Results from the previous round
Eleventh-seeded Oski swamped fourteenth-seeded Troy Taylor, 560-219, and second-seeded Dave Durden prevailed over tenth-seeded Tom Shields, 40-12.
NorCalNick shares some thoughts:
Why do I like Oski? Because he's different. Here's the thing: Most mascots are one of two things: Boring, or trying too hard*. Mostly boring. Just within the Pac-12 alone, here is a list of generic mascots:
Arizona. Arizona State. Oregon State. Washington State. Washington. UCLA. Utah.
*By trying too hard, I mean in terms of absurdity and irreverence (hellooooooo Stanford) or pomp and circumstance (hellooooooo USC).
I don't mean generic in the sense that the mascots themselves are generic, although Arizona and Washington State have fallen into the different-name-for-the-same-cat chasm. I mean the costumes. Every school listed above evidently decided that they were just going to put a guy in a boring, bipedal animal costume and then make him wear a football jersey. Most Pac-12 mascots are full-kit wankers.
No, Oski aspires to more. He has class. He wears a cardigan and trousers. While most other mascots act like capering circus clowns or adrenalin-addled über-jocks, Oski calmly strolls around the field, always friendly, always smiling.
One might argue, then, that Oski is boring. Why isn't he doing lazy knee push-ups every touchdown, like some mascots, or constantly twirling, twirling, twirling towards freedom, or generally making a ruckus? Because Oski knows how to pick his spots. Oski paces himself. And when called upon, when our need is dire, Oski is there. There to beat down the tree. There to shotgun a bear through a straw in his eye. There to throw a cake at Gary Payton's mom. You know the famous John Wooden quote: ‘Don't mistake activity for achievement?' He coined it after comparing Oski with other, lesser mascots.
Frankly, Oski doesn't feel like a mascot. He feels like another classmate or alum. I'd feel weird sitting next to Wilbur the Wildcat at a bar. But Oski? We could sit right down and reminisce together about our crazy mutual friend from the dorms freshman year or the incredible basketball game against Stanford. Oski is the eternal sophomore, after all. And although you'll have to carry most of the conversation, he's fully capable of getting his point across non-verbally.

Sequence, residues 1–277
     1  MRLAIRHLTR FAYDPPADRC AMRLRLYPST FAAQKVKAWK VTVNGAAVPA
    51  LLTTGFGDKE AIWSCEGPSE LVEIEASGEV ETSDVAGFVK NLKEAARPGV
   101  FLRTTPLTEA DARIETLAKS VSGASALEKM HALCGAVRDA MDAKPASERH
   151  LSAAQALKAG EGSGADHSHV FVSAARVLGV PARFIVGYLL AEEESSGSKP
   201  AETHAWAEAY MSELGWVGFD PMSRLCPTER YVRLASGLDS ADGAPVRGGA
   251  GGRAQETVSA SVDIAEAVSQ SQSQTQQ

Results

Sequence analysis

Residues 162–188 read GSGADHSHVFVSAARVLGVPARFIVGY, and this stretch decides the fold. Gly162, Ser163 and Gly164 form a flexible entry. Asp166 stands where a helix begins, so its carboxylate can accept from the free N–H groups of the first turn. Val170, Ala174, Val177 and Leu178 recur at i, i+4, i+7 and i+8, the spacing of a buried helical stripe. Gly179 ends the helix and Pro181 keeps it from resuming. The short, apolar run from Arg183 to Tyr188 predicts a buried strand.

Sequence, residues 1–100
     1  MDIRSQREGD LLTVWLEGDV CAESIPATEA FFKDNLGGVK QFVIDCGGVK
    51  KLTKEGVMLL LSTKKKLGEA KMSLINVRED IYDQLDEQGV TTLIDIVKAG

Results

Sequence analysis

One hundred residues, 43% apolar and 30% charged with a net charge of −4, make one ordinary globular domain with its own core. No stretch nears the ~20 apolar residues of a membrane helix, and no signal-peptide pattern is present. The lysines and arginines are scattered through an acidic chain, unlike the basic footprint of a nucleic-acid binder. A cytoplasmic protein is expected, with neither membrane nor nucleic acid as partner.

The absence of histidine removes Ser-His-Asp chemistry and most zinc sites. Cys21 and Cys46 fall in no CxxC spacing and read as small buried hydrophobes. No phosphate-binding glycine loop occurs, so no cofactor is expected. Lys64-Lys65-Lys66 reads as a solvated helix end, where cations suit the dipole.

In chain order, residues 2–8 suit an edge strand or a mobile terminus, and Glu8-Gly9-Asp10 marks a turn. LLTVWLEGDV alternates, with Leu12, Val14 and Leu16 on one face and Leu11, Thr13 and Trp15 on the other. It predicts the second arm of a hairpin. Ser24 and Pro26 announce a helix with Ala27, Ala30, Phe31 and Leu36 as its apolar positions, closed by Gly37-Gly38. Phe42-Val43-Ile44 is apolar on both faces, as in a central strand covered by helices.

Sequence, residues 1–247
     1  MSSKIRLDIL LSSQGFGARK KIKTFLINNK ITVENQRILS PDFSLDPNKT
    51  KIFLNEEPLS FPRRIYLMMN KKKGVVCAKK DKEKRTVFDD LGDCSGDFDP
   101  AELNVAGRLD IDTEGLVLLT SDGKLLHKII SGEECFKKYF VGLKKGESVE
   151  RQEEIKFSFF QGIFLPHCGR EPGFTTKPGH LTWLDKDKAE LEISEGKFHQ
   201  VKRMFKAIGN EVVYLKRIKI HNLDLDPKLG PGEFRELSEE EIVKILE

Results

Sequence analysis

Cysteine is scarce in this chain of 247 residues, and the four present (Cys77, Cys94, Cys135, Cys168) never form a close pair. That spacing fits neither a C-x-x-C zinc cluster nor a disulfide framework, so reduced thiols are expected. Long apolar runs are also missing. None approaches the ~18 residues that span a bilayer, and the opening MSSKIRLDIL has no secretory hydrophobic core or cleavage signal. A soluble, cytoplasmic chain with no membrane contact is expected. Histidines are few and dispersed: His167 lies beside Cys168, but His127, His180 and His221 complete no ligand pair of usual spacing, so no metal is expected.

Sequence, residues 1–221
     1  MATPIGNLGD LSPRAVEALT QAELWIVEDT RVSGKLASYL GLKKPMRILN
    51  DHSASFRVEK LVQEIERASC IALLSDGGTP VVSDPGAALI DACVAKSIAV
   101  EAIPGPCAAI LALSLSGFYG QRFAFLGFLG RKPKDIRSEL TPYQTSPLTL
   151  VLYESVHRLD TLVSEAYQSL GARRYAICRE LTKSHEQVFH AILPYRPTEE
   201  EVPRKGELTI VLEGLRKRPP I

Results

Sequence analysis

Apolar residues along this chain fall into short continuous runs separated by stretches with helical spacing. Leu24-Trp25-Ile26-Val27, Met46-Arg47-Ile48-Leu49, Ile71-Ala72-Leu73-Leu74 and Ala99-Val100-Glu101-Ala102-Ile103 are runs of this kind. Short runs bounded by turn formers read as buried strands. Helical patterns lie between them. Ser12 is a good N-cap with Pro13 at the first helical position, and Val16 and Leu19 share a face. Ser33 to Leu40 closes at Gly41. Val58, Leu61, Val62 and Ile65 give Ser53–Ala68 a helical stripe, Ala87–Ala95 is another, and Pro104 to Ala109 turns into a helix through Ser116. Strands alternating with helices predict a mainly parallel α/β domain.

Here's to Oski, the best mascot in the Pac-12 that isn't a real live friggin' Buffalo running around the field.
(2) Dave Durden
Dave Durden quickly established Cal as one of the top men's swimming programs in the nation. CalBears.com highlights his accomplishments:
David Durden, beginning his sixth year at the helm of the California men's swimming and diving program, has led the Golden Bears to back-to-back national team titles in 2011 and 2012, and has been named NCAA Coach of the Meet and Pac-12 Coach of the Year three seasons in a row.
In just five years Durden has brought the Cal program to the pinnacle of college swimming as he coached the Golden Bears to their first NCAA team title since 1980 in 2011, and then guided his squad to another national crown this past March in Federal Way, Wash.
In his spectacular fifth year at Cal, Durden led his 2011-12 team to the program's fourth NCAA title with a dominating 535.5 to 491 point victory over second place Texas at the national meet. Before his pair of national crowns, Durden led the Bears to an NCAA runner-up finish in 2010 and fourth-place finishes in 2008 and 2009. He now owns an overall dual meet record of 24-9 (.727).
Since his arrival to Berkeley in 2007, Durden's (along with head coach emeritus Nort Thornton) swimmers have established school records in 18 of 19 swimming events, including all the relays. He has guided Cal to 23 NCAA titles, including nine relay crowns and 33 Pac-12 individual and relay titles, in five seasons.
That article is woefully out of date, however, as Durden and the Bears won another National Championship last spring. This is how he celebrated:
This is how a swimming and diving coach celebrates a national title ... pic.twitter.com/R0oilxymN3— NCAA (@NCAA) March 31, 2014